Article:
App Store

Apple’s App Store turns 10-years-old

Apple launched their App Store ten-years-ago on July 10, 2008, with only 500 apps. Fast-forwarding a decade the App Store is now home to 2 million and counting apps. Apple was the first company to launch an App Store which ignited like a wild-fire, as years later we now have the Google Play Store and the Microsoft Store.

Testimonials:

In the Press Release, released by Apple today. The tech giant included some testimonials from some of Apple’s executives with Senior Vice President of Worldwide marketing Phil Schiller saying:

In its first decade, the App Store has surpassed all of our wildest expectations — from the innovative apps that developers have dreamed up, to the way customers have made apps part of their daily lives — and this is just the beginning. We could not be more proud of what developers have created and what the next 10 years have in store.

The App Store Today:

Apple touts their App Store as a place that changed how people work, play, meet and travel. The company also said that the App Store has created a safe place for users of all ages. With customers in 155 countries visiting the App Store more frequently. With most of them spending more time inside, along with downloading and using more apps than ever before.

Apple’s Stance on Privacy:

Back when Apple launched the App Store, the company was still focused on privacy back then, just like they continue to be today. With an always evolving world, privacy is increasingly becoming more important.

Protecting user privacy is paramount in the Apple ecosystem, so from the beginning, Apple has taken great care in providing clear guidelines to developers and thoughtfully curating a safe, trusted app marketplace to ensure the best experience possible for customers around the world to discover and access apps.

Apps on the App Store:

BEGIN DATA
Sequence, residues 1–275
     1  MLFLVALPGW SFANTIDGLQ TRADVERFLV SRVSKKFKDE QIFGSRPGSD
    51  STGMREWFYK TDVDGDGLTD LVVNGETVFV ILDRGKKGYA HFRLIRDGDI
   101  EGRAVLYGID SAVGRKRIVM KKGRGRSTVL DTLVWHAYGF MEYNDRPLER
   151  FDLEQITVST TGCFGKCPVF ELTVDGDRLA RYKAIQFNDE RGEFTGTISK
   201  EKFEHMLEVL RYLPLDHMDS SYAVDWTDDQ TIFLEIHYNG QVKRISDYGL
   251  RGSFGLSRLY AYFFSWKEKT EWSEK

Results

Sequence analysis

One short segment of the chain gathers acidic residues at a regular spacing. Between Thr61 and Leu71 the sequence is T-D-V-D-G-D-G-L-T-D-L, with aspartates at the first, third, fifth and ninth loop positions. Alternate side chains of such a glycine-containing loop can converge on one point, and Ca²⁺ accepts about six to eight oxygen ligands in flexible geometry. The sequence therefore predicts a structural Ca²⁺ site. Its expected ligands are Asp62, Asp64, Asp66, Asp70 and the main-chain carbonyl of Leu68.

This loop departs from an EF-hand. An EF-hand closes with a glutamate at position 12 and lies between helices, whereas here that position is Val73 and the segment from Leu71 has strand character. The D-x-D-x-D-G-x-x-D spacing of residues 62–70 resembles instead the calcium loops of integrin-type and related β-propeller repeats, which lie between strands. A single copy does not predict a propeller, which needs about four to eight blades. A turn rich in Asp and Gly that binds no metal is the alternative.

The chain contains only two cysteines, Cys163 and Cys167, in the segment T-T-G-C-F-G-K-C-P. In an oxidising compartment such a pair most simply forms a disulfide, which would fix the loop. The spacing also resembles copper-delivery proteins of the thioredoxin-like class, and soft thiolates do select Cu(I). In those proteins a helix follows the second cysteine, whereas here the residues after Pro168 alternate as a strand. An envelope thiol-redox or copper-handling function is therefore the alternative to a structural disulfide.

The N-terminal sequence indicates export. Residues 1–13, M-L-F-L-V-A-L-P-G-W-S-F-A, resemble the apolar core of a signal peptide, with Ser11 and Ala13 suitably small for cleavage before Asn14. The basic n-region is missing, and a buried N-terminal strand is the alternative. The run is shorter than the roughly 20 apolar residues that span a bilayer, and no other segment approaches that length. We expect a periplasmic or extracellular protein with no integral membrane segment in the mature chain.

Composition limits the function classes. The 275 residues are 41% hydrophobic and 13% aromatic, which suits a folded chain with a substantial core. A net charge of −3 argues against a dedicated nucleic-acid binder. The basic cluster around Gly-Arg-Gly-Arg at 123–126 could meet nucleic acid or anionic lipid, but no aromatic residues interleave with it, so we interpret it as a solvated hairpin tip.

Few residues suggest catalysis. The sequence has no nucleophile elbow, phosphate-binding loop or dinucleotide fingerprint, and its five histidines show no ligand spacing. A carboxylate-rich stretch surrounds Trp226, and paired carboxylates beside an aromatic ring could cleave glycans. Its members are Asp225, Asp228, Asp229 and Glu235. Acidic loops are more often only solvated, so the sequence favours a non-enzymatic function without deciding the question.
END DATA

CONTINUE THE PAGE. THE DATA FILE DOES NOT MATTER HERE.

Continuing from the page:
Apple’s App Store succeeded because of some principals, these being; a brand-new redesign that came in iOS 11 bringing more curated content – making discoverability easier. Alongside, software and hardware updates that gives developers motivation to keep evolving their app with Apple’s latest and greatest tools.

Games on the App Store:

Games have been a huge success over the past decade. More and more developers are developing complex games which provides great entertainment to the end user.

Games such as Heads Up!, Pokémon Go, HQ and Fortnite have created communal, cultural moments around the world, while new technologies have brought console quality games to mobile, including Vainglory, The Witness and Arena of Valor, delivering an unparalleled gaming experience to over 1 billion customers.

Productivity Apps on the App Store:

In recent years, Apple has had a huge push to make the iPad the next computer with advert campaigns like ‘What’s a Computer?’ and ‘We Hear You’.

Today, customers can enjoy more than 1.3 million apps designed specifically for iPad, including Procreate, Lightroom, Microsoft Office 365 and Prêt-à-Template — which allow for creativity on the go, beyond office or studio walls, or wherever inspiration may strike.

Health Apps on the App Store: